ARAO: A Really Asinine Obligation

Last Updated on: 15th April 2014, 11:07 am

Ok, rant time again. Yee ha.

One of the newest places where I volunteer has a stupid policy they call ARAO. It stands for Anti-Racism Anti-Oppression. AT this point I can hear the peanut gallorie booing me off the stage and calling me a racist asshole. But wait wait wait!

Basically the policy says they can’t turn people down based on their race, disability, or any other difference they may have. That sounds cool, until you realize what it means. It means that even if they want to turn you down, if you have something different, like I happen to have, they feel obligated to hang onto you. I wanted to do this job where you go with people to appointments that might be stressful or require moral support. Because I can’t see where I’m going, they don’t think I can do the job. How they think I manage to do my day to day things I don’t know. So, instead of flat out rejecting me, they’re trying to scare me away from the job by telling me that the situation could be unsafe, or they might get sued if I don’t do it right, etc. If they didn’t think I could do the job, and didn’t really want to give me a chance, why didn’t they just fucking say so, and save me the grief of fighting the impossible fight of proving myself to people who don’t really want to listen.

Does something fall from the sky and smack you on the head yet? Why does this place *need* to write down in a policy that they shouldn’t discriminate?? Have they had a history of discrimination before? When will people realize that policies don’t fix problems? We need to change attitudes, and forcing companies to have token women, blacks, people with disabilities only puts faces on resentment. I know, I know, the inventors of these policies think, “Yeah, but if we can just get them into the companies, they can change the minds of the higher-ups and life will be beautiful.” Have these people actually worked as a token? It doesn’t work. If the boss really doesn’t want that person in their company, they can make their life hell and find ways to make them look bad, proving that these policies only keep the best person for the job from having the job.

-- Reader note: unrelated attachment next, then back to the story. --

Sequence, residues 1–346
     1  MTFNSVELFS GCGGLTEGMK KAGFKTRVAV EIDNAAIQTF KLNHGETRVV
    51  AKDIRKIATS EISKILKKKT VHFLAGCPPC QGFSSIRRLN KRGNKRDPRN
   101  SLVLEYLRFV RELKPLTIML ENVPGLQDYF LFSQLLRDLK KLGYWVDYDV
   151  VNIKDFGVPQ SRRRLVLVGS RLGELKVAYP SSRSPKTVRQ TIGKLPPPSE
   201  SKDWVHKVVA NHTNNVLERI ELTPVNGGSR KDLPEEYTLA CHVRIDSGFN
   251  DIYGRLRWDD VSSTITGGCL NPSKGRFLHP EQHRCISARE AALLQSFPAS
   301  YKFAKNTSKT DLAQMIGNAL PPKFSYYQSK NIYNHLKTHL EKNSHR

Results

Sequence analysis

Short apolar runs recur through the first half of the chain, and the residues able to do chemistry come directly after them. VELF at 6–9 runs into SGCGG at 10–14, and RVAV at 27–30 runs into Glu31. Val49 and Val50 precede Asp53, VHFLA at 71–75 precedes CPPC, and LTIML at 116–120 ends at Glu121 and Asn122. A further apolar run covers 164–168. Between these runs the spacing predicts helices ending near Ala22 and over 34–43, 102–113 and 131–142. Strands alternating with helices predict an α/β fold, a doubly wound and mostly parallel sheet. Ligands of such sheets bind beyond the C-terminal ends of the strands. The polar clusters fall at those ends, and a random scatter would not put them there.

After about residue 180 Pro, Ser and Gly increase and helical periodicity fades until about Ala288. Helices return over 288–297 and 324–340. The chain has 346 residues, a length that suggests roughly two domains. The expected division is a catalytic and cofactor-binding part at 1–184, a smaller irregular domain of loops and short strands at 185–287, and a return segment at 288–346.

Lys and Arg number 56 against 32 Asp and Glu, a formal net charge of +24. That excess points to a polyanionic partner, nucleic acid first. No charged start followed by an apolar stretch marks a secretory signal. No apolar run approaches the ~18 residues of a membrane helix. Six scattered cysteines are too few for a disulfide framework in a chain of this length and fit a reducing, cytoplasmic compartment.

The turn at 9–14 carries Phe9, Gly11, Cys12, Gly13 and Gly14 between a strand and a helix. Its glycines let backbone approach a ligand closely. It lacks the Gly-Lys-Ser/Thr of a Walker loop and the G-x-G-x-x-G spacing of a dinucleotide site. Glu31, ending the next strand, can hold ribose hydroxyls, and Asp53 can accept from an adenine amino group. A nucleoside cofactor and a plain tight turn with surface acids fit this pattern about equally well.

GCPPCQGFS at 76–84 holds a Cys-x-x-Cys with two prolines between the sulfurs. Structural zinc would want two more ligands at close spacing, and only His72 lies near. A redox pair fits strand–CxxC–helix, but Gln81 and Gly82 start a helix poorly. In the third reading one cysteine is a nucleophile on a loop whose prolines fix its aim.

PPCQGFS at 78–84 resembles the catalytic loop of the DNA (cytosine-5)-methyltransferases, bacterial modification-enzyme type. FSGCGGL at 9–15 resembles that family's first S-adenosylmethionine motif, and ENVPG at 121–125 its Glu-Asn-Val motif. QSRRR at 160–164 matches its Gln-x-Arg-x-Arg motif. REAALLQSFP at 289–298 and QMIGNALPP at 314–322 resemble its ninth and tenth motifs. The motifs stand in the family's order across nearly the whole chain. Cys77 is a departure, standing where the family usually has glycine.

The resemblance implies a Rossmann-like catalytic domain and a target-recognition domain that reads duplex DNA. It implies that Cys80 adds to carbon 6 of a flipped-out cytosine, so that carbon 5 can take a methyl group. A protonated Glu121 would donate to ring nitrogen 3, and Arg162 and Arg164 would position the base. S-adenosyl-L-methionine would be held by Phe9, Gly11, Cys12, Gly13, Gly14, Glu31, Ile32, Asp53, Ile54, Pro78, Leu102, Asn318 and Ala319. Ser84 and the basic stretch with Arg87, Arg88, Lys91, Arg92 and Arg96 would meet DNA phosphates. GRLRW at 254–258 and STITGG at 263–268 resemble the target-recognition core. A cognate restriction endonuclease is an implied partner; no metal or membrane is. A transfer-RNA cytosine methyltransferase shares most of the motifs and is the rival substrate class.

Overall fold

The peanut gallorie rises again. “Just be thankful they’re giving you a chance at all and there is legislation in place to guarantee that chance.” But the chance is no good if it’s not genuine. It’s like saying that everyone who’s poor has the right to this little pot of money. But when they get to the pot, they find out it’s monopoly money. What good is that? They can’t buy things at the store with it, they can’t put it in their checking account, but oh the government says they gave them money. It’s the same with these stupid bullshit policies. They’re not real.

Let’s face it. The future freaks me out. I don’t know if I’ll be able to find a job where I actually feel valued. I have found some volunteer placements where I felt like I had a chance. But when money’s involved, I’m afraid that the company will go for the cheapest and least labour-intensive option. Wouldn’t you? “Hmmm. I can hire this person who can read the print notices on the wall and all the print resources available to them, doesn’t need special software on the computer to make it usable for them, can drive, and will never ask me for anything except the occasional holiday. Or I can hire this blink with the same skills who I’ll have to throw a bunch of money into, they might ask for more stuff, and they might complain if they miss an important printed company memo. I choose…lemmy think…the first one.”

So I can see where some genius thought legislating companies into hiring people in the minority might have been a good idea. But what they forgot is you can’t legislate opinion. Human thought is still free, and it should be. Plus, if legislation was so effective, we could demolish the prisons and fire the police. Does that sound like a good idea to anyone? Didn’t think so.

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